“I was raised by black women,” the Haitian-American photographer Sheilby Macena tells me. “I was surrounded by proud black women growing up. I saw them cooking together, going to church, bringing food to one another, laughing and sharing. My mother had friends she knew since she was living in Haiti.” 

The artist thought of her family and their shared history decades later as she traveled the world and visited Dakar, Senegal, a year ago. “I felt spiritually and mystically connected to my ancestors, feeling as though they had walked the grounds I am currently walking,” she remembers. After Dakar, she traveled to Cape Town, South Africa, where she saw Julie Dash’s 1991 Daughters of the Dust for the first time. It felt like destiny. 

The film, set in 1902, follows the Peazant family as they prepare to move to the mainland United States from an island off the coast of Georgia. By the end, some members of the family will say goodbye to the island. Others will choose to remain. The film is a classic; decades later, it helped inspire Beyoncé’s Lemonade, and it also helped inspire Macena’s first photo-story, Daughters

“When I first watched the movie, I was immediately struck by the cinematography. It felt like I was watching art — the composition, the feel of the luscious island, beautiful glowing black skins, natural hair, thick accents, and sophisticated wear…it made me think that this is what my ancestors look like, this is who they are or who they were,” the artist says. 

“I saw so much of myself as well and got to thinking about this idea of displacement and moving for better opportunities. I thought about the risk and bravery that comes from that and how my parents did the same thing with leaving Haiti to settle in Florida. I did it by choice. My parents did too; however, their decision was a bit tougher than mine and under very different circumstances. And my ancestors? It is their silent sacrifices that give me the freedom of choice today.”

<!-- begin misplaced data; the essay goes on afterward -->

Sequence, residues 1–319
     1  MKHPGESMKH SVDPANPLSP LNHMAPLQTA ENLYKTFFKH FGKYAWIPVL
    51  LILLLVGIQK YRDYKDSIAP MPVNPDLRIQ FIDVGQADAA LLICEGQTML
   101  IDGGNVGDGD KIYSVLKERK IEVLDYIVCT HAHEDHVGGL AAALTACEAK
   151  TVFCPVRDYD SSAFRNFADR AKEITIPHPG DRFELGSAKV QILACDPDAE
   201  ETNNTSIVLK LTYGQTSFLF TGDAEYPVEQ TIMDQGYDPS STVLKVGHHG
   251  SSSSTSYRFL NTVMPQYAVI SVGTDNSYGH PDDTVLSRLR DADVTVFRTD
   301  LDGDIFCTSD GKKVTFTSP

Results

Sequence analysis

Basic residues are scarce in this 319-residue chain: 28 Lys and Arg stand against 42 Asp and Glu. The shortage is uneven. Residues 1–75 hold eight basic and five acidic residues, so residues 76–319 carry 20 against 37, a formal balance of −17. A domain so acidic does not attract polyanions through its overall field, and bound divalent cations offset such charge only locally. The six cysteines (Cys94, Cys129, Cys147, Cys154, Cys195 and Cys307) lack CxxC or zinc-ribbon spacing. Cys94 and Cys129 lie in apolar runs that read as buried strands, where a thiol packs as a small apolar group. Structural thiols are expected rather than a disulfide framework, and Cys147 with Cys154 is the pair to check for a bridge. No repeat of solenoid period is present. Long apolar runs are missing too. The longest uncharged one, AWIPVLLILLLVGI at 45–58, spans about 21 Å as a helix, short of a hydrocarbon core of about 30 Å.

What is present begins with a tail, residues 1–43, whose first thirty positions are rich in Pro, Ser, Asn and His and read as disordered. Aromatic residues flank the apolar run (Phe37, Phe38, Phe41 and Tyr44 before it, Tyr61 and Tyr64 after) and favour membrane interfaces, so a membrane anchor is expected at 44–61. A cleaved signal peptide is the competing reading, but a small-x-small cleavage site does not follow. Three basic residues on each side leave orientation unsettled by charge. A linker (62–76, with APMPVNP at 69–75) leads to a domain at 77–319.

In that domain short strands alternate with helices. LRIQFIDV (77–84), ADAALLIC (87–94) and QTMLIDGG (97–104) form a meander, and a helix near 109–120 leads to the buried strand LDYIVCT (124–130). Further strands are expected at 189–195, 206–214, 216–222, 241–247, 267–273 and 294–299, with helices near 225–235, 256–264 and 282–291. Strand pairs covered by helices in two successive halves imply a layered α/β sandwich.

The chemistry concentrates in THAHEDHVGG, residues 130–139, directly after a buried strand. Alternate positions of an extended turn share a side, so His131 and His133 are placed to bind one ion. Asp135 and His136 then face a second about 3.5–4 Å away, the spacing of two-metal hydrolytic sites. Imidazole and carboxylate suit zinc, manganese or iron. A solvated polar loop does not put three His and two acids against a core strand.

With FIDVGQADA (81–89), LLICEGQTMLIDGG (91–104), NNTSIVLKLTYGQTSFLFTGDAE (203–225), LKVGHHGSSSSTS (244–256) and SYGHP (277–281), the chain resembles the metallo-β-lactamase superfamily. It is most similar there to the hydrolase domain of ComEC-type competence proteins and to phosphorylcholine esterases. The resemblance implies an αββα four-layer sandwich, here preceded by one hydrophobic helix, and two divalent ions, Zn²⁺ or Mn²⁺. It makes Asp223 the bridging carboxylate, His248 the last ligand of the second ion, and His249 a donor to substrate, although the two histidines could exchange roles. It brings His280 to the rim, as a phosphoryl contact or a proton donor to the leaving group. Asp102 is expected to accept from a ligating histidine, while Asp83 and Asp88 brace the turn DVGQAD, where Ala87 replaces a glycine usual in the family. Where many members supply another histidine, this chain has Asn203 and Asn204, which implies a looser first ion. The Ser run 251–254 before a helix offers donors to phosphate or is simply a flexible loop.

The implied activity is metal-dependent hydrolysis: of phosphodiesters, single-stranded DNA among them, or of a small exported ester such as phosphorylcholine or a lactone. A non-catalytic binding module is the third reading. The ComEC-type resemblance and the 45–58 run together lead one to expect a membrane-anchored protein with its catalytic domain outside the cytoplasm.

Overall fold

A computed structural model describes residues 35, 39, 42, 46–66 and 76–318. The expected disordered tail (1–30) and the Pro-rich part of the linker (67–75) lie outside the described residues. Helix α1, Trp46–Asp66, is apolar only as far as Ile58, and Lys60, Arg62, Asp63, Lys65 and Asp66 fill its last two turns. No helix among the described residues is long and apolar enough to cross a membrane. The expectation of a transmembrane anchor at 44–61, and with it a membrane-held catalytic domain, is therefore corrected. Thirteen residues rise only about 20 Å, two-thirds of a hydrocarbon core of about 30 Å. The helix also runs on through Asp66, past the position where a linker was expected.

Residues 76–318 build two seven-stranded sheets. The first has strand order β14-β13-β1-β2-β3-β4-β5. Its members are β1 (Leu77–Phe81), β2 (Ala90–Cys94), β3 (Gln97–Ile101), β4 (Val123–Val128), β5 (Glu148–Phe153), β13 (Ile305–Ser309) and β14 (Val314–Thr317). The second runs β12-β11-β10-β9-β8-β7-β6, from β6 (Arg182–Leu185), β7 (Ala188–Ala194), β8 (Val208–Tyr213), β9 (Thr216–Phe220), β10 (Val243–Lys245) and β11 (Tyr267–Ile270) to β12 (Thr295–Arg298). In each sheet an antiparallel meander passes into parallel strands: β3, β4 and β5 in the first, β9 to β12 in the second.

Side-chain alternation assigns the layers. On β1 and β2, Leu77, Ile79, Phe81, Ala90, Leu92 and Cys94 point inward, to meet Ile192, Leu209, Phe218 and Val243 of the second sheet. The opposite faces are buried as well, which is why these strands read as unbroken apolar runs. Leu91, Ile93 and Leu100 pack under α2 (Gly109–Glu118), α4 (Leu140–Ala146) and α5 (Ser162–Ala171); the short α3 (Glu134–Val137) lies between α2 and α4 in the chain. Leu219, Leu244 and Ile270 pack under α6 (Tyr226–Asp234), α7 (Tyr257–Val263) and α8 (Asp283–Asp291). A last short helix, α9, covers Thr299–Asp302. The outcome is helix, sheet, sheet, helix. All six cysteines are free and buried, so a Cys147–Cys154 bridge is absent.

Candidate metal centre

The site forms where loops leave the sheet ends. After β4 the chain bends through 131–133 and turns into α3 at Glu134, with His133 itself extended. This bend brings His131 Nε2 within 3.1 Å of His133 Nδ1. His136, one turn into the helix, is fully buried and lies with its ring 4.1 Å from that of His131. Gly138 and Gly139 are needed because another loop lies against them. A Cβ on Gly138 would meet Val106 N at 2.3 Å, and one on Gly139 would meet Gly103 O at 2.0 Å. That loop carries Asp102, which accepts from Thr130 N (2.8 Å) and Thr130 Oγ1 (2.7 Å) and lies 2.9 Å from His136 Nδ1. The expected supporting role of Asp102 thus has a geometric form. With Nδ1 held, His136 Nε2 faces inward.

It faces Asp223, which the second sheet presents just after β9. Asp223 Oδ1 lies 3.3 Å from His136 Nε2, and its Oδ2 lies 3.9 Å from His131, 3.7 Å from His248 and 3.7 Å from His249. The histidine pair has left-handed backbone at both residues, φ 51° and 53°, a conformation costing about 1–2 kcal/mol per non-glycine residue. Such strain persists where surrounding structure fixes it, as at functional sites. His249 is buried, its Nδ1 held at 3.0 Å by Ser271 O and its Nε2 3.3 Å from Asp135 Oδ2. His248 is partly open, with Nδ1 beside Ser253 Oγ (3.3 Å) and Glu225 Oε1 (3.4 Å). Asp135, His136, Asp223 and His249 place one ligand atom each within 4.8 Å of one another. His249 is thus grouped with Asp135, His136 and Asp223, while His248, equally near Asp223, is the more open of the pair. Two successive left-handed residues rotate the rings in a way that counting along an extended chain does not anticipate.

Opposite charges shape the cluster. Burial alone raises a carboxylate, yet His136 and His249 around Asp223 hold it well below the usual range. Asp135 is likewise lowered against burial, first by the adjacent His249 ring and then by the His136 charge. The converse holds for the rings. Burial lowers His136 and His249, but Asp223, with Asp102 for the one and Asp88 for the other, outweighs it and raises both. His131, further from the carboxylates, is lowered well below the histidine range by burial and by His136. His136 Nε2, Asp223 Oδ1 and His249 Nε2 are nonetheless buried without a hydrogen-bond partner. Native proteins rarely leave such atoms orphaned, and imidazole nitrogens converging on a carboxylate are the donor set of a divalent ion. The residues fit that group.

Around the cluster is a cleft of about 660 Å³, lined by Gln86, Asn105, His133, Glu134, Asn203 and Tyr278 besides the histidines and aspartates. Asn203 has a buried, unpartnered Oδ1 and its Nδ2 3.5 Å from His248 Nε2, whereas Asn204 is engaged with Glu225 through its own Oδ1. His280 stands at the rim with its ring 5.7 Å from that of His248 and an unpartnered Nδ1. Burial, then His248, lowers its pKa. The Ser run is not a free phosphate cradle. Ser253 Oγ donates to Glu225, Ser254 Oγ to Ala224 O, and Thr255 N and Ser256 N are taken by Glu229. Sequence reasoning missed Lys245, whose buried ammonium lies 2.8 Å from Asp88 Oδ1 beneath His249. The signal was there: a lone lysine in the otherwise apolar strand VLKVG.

Approximately two weeks after seeing the film, Macena was at Noordhoek Beach in Cape Town, the sun on her face, bringing her own vision to life with help from a team of creatives. She met Samantha, one of the models, while assisting on a friend’s photoshoot, and through Samantha, she met her twin sister, Kimberly. She connected with Andréa Loupis, a fellow photographer and creative director, over Instagram; they oversaw the styling, with help from Gcobisa Gee Yako. Ayesha Kazim and Sophony Macena assisted. Loupis recommended Noordhoek Beach.

“This was an amazing crew not only because we did Daughters together, but we also executed two other shoots during my time in Cape Town,” Macena says. “No partnership, no brand sponsoring, no money or resources other than our own. We all just had that hunger as artists to do the things we wanted and make the most of what we have.

“I loved every minute of it, from the doubts and anxiety to pushing through and watching everything unfold in front of my eyes. From forming the crew to running around the costume shop, choosing the garments, to an early call time of 4:00 AM. From driving on the coast to Noordhoek Beach to chasing the light with Samantha and Kimberly.”

Daughters spans continents, weaving together the past, present, and future. Dancing in the sand, the daughters in the photographs come to represent the artist, her mother, and the friendships forged by women, across generations. They conjure memories, while also inviting us to dream about what lies ahead, for the daughters of these daughters. 

“I think of what it must have been like for my mom, moving from Haiti to Florida, but I don’t think my imagination can imagine things I just don’t know,” Macena says now. “But what I do know is that my survival, my success, my determination and strength come from the women in my life who understand me better than I understand myself. Those things all come from being seen in a world that continues to look past me. We stick together and go through it together. Think Color Purple, Nettie and Celie – worlds apart but still looking up at the same blue sky, knowing that they’ll see each other again.” 

Sheilby Macena is a member of Black Women Photographers, a global community bringing together Black women and non-binary photographers. To learn more about Black Women Photographers, visit their website, and follow along on Instagram at @blackwomenphotographers

All images and captions © Sheilby Macena